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Native American Languages
Native American Languages


A common misconception is that there was one Native American language. In
reality, there were perhaps a thousand languages spoken in the Americas
before the arrival of Europeans - about 250 in the present territory of the
United States alone. In addition, these languages showed tremendous variety
between one another. A trio of individuals from three areas a hundred miles
apart might very likely have been completely unable to communicate by
speech. There was, however, a sign language used in some areas to allow
communication between those of different tribes. This is described in detail
in William Clark's book, "The Indian Sign Language".


The spoken languages were neither primitive nor simple, and many had
grammars as complex as those of Russian and Latin. However, with the
exception of an ideographic system used by the Mayans and their neighbors
near the Yucatan peninsula, none of the native languages of America had a
writing system until the arrival of Europeans.

Language Families

As is the case with the Eastern Hemisphere, linguists have found similarities between some languages of the Americas, and differences between others, and have grouped them into families. A family is a collection of languages with a common origin and which separated into different dialects and languages over the course of time. The process of language speciation can be seen to a small extent in the way that English has come to be acquire slight differences in the different places it is spoken. A more advanced demonstration of this is the case of the Romance languages (Spanish, French, Italian, Portuguese, Romanian and a few others) which all descended from Latin. The Romance languages are a branch of the Indo-European language family, the dominant language family in the world today. English is a member of the Germanic branch of the Indo-European family. Russian is a member of the Slavic branch of the Indo-European family. The Romance, Germanic and Slavic branches alone constitute the overwhelming majority of the languages spoken in Europe, while other Indo-European branches have their homes in Iran and India. Indo-European languages, in particular English, Spanish, Portuguese and French, have become the dominant language in many parts of the world in the last 500 years, including almost all of North and South America, and Australia. Only one other language family, the Ural-Altaic family, contains the national language of any country in Europe. Hungarian, Finnish and Estonian are all Ural-Altaic, as is Turkish, spoken on a small corner of the continent. The Basque language of Spain and France has no clear relatives anywhere in the world.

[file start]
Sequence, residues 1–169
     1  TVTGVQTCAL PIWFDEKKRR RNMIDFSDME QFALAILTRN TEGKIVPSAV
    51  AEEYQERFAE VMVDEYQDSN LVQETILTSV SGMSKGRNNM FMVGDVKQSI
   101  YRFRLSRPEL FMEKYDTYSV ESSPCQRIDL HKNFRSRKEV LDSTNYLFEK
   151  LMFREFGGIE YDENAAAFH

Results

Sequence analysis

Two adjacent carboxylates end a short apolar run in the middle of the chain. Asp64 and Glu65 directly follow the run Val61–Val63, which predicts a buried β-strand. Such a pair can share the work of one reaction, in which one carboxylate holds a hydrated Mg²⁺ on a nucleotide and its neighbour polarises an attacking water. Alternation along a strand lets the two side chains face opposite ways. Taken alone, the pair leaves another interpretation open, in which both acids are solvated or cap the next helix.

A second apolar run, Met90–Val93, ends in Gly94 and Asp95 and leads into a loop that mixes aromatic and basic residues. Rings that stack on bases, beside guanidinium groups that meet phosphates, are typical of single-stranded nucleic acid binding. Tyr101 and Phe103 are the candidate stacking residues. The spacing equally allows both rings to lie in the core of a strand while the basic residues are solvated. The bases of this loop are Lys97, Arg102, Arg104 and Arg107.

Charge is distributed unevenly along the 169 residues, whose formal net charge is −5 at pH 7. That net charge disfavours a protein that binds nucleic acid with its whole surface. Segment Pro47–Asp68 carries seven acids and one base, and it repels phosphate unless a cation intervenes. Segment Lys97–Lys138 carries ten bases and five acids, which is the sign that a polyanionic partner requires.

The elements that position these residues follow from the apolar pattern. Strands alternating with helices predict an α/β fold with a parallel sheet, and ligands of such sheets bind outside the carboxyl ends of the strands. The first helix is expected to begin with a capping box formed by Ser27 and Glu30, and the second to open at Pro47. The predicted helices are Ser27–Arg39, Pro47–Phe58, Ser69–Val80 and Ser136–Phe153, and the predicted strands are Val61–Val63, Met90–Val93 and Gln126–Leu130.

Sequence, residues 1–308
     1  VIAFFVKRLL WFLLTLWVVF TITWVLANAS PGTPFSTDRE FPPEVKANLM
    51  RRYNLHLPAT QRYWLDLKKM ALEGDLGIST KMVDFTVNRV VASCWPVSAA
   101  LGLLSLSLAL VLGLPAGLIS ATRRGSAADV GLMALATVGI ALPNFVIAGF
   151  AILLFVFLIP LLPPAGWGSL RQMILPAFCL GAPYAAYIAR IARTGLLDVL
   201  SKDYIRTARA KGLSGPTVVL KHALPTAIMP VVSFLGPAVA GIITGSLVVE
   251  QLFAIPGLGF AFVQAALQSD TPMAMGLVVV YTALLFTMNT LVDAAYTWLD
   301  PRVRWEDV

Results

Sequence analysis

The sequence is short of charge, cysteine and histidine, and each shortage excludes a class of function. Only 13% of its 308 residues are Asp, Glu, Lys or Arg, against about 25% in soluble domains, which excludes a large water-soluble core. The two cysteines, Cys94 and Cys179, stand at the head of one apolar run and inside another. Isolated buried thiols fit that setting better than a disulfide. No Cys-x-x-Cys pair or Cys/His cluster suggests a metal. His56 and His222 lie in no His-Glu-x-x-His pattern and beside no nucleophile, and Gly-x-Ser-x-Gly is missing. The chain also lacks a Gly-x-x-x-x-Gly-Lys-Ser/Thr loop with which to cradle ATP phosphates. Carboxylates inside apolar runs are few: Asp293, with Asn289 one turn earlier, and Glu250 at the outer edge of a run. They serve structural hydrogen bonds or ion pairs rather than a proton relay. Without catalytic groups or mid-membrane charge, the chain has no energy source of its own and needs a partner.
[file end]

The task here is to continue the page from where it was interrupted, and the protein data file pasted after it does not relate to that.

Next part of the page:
North America thus had much more linguistic variety than Europe at the time of Columbus. The present territory of the continental United States was home to several prevalent language families, in contrast to the two of Europe.

Indigenous Language Families of North America

There are nine important language families which existed in the present-day
territory of the United States before they were largely displaced by English over the last few centuries. These included Algic (Algonquin), Iroquoian, Muskogean, Siouan, Athabaskan, Uto-Aztecan, Salishan and Eskimo-Aleut. In addition, there were many other smaller families, such as Sahaptian, Miwok-Costanoan, Kiowa-Tanoan and Caddoan. Some languages, such as Zuni, have no known relationship with any other language, and are known as isolates.

The maps on this page show those language families which had significant
presence in the territory of the continental United States, although nearly
all of them extended to either Canada or Mexico. There were many additional language families represented elsewhere in the Americas, and South America probably represented even more diversity than North America. The Mayan language family of Mexico and nearby countries is also indicated on the continental map. Many tribes and languages are indicated on the U.S. map,although there is not nearly enough space to show them all.